Why is the German language so complex

Over 15 million learn German : The German language is gaining in importance worldwide

The German language is currently experiencing an interesting global development. For some years now, the number of people learning German in the world has been increasing. Whenever the technical and professional benefit of the language is recognizable or if cultural interest can be focused on certain developments, this has an international effect. There is also migration, in which the German language is the key to integration and receives additional attention.

This does not mean that the German language competes with English as number one as a world language. Understanding and communicating around the world would hardly be possible without English as the international lingua franca. But German is without a doubt one of the most important cultural languages.

Our vocabulary is more comprehensive and differentiated than in any other language. A recent study has shown that the corpus of contemporary German used as a basis contains more than five million words. That is almost a third more than in a comparable corpus from 100 years ago. And it shows how dynamic the German language is. German is therefore a historically grown, traditional and complex asset, precise in the forms of expression of the exact sciences and at the same time ambiguous in literature and poetry, a living language that can create new things in terms of language.

The status in school policy is problematic

At the beginning of the 20th century, the importance of German was still paramount, especially in the sciences. But after the First World War and due to the atrocities of the National Socialist era, the German language experienced a massive decline. It became the language of monsters. The Germans were ashamed of their language. It was a long way before German was once again equated in the world with culture, civilization, science and international understanding.

But it's similar to other cultural assets: a lack of attention makes them less attractive, less expressive. The status of the language sinks, it becomes more like a dialect in meaning. If we in Germany take our responsibility for our own language seriously, then it creates a willingness to get involved abroad too. It is advisable to have more passion for the German language - and to pursue an active language policy. The importance of one's own language in school policy is problematic. At the moment German lessons are being reduced instead of expanded, the language with its cultural and literary references is being degraded to a tool of a lingua franca.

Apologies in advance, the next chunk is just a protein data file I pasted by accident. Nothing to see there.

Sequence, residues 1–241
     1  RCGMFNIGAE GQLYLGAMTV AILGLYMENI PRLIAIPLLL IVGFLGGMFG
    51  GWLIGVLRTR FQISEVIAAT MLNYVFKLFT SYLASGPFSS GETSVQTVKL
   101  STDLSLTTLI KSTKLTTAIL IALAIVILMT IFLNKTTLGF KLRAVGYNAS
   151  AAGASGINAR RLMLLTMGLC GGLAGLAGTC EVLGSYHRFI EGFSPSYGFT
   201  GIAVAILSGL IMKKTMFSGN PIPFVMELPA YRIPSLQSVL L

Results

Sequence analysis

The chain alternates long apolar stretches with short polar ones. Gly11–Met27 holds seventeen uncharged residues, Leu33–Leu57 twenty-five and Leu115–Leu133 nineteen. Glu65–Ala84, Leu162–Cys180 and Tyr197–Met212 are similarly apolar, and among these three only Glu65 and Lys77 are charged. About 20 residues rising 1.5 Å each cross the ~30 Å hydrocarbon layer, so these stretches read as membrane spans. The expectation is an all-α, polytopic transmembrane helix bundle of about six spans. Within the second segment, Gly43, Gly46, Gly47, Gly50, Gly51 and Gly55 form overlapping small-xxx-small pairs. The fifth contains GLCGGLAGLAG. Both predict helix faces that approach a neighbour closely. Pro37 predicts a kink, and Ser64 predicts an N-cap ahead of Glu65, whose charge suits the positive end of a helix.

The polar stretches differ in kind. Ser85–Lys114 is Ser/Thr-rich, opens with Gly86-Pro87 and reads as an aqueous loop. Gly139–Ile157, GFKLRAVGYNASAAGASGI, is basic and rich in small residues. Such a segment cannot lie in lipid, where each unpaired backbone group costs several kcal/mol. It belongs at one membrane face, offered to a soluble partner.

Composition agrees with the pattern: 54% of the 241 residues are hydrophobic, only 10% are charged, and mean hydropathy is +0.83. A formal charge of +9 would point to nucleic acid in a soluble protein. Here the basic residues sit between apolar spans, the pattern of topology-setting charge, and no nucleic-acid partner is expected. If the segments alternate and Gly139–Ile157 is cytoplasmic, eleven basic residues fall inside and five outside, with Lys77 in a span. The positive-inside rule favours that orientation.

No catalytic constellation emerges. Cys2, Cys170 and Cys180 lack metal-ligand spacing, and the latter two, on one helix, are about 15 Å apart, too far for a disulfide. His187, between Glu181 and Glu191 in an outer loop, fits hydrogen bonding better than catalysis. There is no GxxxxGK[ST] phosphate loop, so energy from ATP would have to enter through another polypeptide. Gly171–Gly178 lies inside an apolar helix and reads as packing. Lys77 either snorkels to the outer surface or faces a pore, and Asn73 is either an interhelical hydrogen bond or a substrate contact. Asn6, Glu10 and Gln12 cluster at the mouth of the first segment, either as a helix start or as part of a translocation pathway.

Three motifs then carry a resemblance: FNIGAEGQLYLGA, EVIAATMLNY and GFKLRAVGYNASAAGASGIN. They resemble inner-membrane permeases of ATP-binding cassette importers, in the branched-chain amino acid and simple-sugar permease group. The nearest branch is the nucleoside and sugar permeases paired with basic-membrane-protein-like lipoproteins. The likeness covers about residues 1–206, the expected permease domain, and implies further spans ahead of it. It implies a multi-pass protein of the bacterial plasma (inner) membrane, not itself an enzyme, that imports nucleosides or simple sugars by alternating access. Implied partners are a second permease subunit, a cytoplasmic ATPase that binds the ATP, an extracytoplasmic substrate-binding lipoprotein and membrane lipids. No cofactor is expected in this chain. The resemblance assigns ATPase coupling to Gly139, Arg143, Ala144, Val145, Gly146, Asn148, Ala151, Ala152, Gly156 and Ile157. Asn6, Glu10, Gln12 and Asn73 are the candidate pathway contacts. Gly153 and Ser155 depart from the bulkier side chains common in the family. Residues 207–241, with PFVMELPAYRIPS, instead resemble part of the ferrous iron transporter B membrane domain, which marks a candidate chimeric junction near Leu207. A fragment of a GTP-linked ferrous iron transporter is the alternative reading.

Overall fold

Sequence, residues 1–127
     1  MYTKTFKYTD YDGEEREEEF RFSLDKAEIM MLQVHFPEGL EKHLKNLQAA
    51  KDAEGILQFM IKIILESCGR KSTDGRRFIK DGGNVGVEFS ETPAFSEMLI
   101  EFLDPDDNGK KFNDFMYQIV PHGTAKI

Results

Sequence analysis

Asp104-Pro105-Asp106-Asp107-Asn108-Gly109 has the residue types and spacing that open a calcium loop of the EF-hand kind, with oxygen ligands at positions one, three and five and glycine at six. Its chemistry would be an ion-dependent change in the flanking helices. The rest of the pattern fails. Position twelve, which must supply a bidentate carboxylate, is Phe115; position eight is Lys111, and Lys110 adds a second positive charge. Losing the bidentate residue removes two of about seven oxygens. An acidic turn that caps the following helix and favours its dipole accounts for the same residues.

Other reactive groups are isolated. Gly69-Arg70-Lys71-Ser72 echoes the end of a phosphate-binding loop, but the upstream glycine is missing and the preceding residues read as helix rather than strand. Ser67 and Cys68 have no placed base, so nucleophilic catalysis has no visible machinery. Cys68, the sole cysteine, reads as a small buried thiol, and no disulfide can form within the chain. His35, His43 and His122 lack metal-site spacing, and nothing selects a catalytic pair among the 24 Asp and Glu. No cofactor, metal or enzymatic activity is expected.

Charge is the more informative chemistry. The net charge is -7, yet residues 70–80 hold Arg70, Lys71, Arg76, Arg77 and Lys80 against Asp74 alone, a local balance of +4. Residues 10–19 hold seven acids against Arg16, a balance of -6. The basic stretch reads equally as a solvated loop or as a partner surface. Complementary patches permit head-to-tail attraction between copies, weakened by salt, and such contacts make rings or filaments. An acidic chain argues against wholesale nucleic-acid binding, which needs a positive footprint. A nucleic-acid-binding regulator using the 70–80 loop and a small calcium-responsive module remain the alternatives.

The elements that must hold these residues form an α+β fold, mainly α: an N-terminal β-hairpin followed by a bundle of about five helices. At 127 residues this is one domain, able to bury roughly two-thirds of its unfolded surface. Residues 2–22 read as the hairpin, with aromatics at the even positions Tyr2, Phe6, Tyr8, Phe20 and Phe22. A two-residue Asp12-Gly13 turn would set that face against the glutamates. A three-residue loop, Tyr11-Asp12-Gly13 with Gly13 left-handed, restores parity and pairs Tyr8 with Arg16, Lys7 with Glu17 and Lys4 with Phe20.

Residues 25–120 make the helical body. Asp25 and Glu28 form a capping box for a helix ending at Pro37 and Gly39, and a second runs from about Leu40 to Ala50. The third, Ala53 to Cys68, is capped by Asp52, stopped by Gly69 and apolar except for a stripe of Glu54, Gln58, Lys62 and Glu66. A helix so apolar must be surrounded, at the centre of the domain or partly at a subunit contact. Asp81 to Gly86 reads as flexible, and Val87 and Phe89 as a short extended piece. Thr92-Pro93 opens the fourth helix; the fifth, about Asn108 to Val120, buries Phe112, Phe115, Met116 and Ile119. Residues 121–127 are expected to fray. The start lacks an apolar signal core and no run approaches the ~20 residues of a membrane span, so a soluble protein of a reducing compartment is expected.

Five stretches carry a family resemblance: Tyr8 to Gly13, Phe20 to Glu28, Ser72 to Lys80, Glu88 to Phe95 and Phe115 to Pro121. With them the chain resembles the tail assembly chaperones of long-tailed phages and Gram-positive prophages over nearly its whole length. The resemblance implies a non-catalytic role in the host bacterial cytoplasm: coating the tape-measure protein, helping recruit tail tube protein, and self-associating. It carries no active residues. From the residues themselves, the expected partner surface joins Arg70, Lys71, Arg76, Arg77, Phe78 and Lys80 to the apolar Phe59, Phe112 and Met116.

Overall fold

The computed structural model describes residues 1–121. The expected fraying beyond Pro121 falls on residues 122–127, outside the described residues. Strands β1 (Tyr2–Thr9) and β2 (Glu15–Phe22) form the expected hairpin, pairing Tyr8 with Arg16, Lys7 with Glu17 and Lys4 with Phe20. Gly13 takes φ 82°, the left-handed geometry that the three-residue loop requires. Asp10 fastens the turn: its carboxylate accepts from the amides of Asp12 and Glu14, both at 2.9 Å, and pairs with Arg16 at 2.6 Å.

Around 100 million people currently speak German as their mother tongue and as many again as a foreign language. 15.5 million people around the world are currently learning German. In the 160 or so Goethe Institutes in the world alone, there has been an increase of 20 percent in the last five years, and German exams by 30 percent. Overall, it can be stated that there is an increasing or constant trend in most countries. In Germany, an additional factor in the increase in German learners will be triggered by the Skilled Workers' Immigration Act. Many scientists see a direct relationship between thinking and speaking. Wilhelm von Humboldt put it in the same way: Every language I learn opens a new world for me.

The German language as a scientific language is a cause for concern

The Goethe-Institut, the Central Office for Schools Abroad and the DAAD advocate new approaches to the German language abroad. In addition to the German schools abroad, the “Schools - Partners for the Future” program has been a successful global model since 2008. In the now 2000 PASCH schools, German language departments are being set up, teachers are being trained and the schools are being equipped with teaching and learning material. The focus is on China, India, Indonesia and Brazil.

However, globalization has not always been helpful for the German language. In those countries where German was the first foreign language, it was replaced by English. This applies to Russia, for example. At the end of 2015, the Russian Ministry of Education decided that every student should learn two foreign languages. This reversed the trend. The “Germany Years” of the Federal Republic with its cultural programs are also used to make language policy. In the USA, for example, 60 high schools and universities as well as a student exchange program are currently promoting the German language, especially science and technology.

Despite all the optimism that can be derived from the figures: One has to worry about the German language as the language of science. Scientific descriptions often work with images or metaphors from everyday life. This is how science can communicate itself to society and vice versa. If this connection is broken, knowledge sharing and social legitimation can quickly dwindle. The less German is spoken in science, the less society in Germany will speak about science.

Monolingualism in science is a loss

The scientific language German can only be strengthened if relevant research results are developed and published in it. There are few at the moment. More than 90 percent of these publications are in English, the reference databases are purely English. Monolingualism in science is a loss and always a cognitive limitation. A lasting plea for multilingualism, a much better knowledge of the language choice behavior of international scientists with regard to German and a kind of mapping of the importance of the German language for various disciplines - all of this would have to be worked out.

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